By Kirsty Griffiths 

Older generations will tell us to be happy we ‘have a roof over our head’. Younger siblings can’t yet fathom why we’re not exactly enjoying time with our parents over lockdown. And we, are sandwiched in between, trying to navigate heated debates over the dinner table.

We, being a mixture of Millennials and Gen Z that were forced back to childhood homes at the end of March this year by you-know-what. We, the unlucky ones who, as riots broke out all over the world in response to the murder (yes, murder) of Black American George Floyd, had our eyes opened to the ridiculous and outdated opinions of numerous relatives. 

From personal experience in this situation -and I know I’m not alone- I am constantly torn between two options when backed into a corner by archaic opinions of relatives. These are, in their simplest form, to ignore, or to educate. 

Ignore. Easy to do. No effort required. Simply observe the racist, sexist, homophobic behaviour, and do nothing about it. Avoid the unnecessary conflict, move on. I can admit I used to give in to this desirable sounding reaction. I used to force down the guilty feeling in my stomach and tell myself it’s just “how they were raised” or “it’s a generational thing” when the people I love would make racist comments at the news or get offended at the ‘forced diversity’ in a yoghurt advert (and we’re the ones labelled as snowflakes?).

The lure to ignore is inviting, until you grow up and begin to notice the injustices in the world that aren’t reported on BBC News. You begin to question everything, you educate yourself, your eyes are opened much wider than your parents’. You surround yourself with the right people, you show support for all manner of causes and communities, you spread the word on social media. You try your best to show up as an ally. 

It seems the more and more you learn, the less easy it is to reign in your emotions when you’re faced with the same comments you’ve ignored all your life.

At least, that was my experience. I remember once getting mad at my own sister; she hadn’t voted in the General Election as she said politics ‘didn’t affect her’. I remember telling her she was blinded by her own privilege. This was of course met with anger, as is always the case, accountability can seem like an attack when the individual isn’t ready to acknowledge that their actions can hurt others.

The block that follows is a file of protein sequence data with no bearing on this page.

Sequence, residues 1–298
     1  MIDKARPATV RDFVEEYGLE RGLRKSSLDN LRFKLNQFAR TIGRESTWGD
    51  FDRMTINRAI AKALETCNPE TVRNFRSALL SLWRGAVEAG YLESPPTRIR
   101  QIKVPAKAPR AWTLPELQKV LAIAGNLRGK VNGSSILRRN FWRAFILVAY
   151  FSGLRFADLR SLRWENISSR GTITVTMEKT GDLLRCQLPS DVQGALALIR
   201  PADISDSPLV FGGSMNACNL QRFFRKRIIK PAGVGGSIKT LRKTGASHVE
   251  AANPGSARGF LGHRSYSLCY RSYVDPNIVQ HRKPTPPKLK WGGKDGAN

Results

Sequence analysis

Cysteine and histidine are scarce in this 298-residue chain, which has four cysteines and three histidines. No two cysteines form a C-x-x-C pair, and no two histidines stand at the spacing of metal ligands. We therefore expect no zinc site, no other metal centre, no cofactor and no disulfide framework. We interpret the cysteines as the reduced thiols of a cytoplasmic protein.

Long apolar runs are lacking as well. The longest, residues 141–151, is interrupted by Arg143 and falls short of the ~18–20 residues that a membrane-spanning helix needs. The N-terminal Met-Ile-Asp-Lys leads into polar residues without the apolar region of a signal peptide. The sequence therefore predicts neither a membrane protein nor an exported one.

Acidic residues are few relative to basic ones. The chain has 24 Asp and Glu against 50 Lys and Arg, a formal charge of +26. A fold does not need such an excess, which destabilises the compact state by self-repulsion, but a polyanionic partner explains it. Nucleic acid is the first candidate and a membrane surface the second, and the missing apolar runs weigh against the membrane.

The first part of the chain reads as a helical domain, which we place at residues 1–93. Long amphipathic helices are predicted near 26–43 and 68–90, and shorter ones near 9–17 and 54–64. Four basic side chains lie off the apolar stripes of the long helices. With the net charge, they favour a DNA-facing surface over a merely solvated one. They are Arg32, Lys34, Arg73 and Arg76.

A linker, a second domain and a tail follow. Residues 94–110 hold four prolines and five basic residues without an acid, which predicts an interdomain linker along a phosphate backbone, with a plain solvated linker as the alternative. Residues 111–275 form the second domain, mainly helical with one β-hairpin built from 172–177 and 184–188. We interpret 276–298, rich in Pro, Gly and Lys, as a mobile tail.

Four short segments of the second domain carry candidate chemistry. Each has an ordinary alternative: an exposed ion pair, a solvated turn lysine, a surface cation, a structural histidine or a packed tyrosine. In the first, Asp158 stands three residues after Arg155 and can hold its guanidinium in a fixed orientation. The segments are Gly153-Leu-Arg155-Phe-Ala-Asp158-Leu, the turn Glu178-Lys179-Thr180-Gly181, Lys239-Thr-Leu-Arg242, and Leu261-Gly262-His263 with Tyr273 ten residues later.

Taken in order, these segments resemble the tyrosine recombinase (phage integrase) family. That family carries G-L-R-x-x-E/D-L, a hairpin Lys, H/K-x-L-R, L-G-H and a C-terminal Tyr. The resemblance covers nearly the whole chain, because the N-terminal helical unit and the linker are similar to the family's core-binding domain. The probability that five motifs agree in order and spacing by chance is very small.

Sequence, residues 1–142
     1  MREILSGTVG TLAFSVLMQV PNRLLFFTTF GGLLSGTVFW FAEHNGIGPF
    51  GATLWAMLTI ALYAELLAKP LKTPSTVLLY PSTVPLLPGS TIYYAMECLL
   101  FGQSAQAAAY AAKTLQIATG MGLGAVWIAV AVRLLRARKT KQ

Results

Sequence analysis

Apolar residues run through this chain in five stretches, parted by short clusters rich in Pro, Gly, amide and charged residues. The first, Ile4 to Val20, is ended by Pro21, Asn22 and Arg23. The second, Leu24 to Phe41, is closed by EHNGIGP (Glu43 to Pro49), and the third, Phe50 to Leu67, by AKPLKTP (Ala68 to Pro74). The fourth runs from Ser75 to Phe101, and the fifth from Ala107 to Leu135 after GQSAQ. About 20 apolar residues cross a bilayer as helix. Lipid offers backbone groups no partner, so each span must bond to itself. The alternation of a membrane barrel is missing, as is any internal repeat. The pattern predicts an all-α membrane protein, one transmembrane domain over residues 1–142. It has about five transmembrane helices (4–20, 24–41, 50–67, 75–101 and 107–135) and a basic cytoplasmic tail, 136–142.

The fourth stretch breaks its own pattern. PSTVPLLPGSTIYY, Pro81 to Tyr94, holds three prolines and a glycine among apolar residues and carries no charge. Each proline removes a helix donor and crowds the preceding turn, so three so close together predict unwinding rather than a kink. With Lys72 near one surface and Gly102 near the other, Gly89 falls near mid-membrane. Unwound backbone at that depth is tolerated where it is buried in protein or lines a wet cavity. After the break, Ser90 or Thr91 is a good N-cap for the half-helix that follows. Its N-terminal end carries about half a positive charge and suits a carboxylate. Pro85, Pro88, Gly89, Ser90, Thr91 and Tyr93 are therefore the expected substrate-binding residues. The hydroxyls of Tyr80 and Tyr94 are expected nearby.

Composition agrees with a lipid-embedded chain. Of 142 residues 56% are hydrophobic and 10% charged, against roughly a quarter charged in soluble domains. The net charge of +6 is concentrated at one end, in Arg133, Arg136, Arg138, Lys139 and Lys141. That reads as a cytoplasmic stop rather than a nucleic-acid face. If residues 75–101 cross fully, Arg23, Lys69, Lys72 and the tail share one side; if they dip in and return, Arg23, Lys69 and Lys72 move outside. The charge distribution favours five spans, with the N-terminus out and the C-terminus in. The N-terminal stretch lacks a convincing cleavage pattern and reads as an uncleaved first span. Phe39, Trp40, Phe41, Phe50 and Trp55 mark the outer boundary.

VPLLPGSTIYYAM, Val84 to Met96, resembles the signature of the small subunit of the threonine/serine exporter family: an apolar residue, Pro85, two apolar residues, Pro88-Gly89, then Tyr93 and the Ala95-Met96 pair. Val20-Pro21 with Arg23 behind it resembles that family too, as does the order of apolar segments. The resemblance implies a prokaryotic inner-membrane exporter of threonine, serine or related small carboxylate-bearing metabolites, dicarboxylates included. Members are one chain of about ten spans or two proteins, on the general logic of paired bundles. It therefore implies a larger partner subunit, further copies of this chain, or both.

Choosing to challenge racist opinions and educate where you can sounds great, not only does it take the burden off of the oppressed communities to do so, you can even change a few minds for the better along the way. The above-mentioned sister has since shifted her way of thinking and now understands and accepts her privilege, making it her mission to use it for good. Even one mind changed is a step towards a better, more inclusive and understanding world.

This route can, however, also be the catalyst for family fallouts, disowned relatives, declining mental health, and an overwhelming feeling of helplessness. 

Speaking to some people who responded to an Instagram story of mine about living with or simply having racist relatives, I was saddened by the sheer number of people that suffer when they try to open closed minds within their family. “I try and educate but it’s never taken seriously…it always ends in tears (mine)” one girl answered, another told me “whenever I bring up anything ‘political’ I’m immediately yelled at, doesn’t matter how calm I am or even what I’m saying most of the time, they just shout racist shit until I cry and give up”. 

Instances likes these, especially when they aren’t just one-off occurrences, can be severely damaging to your mental health. You begin to feel helpless, powerless, lonely, like nothing will ever change. I know this because that’s exactly how I have felt, on too many occasions to remember.

So, what do we do? Do we ignore racism and label it as self-preservation? Avoid the nasty arguments and remain silent for the benefit of ourselves? Or do we make a choice to use our privilege for something other than a Get-Out-Of-Jail-Free card? Use it to attempt to educate those around us, even in the face of rage?

Reni Eddo-Lodge, in her bestseller ‘Why I’m No Longer Talking to White People About Race’, says –

“I don’t want anyone, of any race, when faced with the insurmountable task of challenging racism, to collapse into despondency…I know how much it can paralyse, how the feeling of hopelessness works to utterly crush creativity, passion, and drive. But those are the three things that we will definitely need if we’re ever going to end this injustice. We have to fight despondency. We have to hang on to hope”.

I will personally always try to do just that. Hang onto hope. Hang onto hope that my attempts to educate those that I love will one day stick. Hang onto hope that I might soon make it through a political conversation with my parents that doesn’t end in me being branded immature/too young/uneducated (the list goes on) or end in my tears as I struggle to explain why we should simply care about other people. 

I will not choose the ignore option anymore, when so many are unable to do so. I hope you won’t either.


Kirsty Griffiths is a freelance writer from Birmingham, UK. Check out more of Kirsty’s work within her online portfolio, and be sure to follow her on Instagram.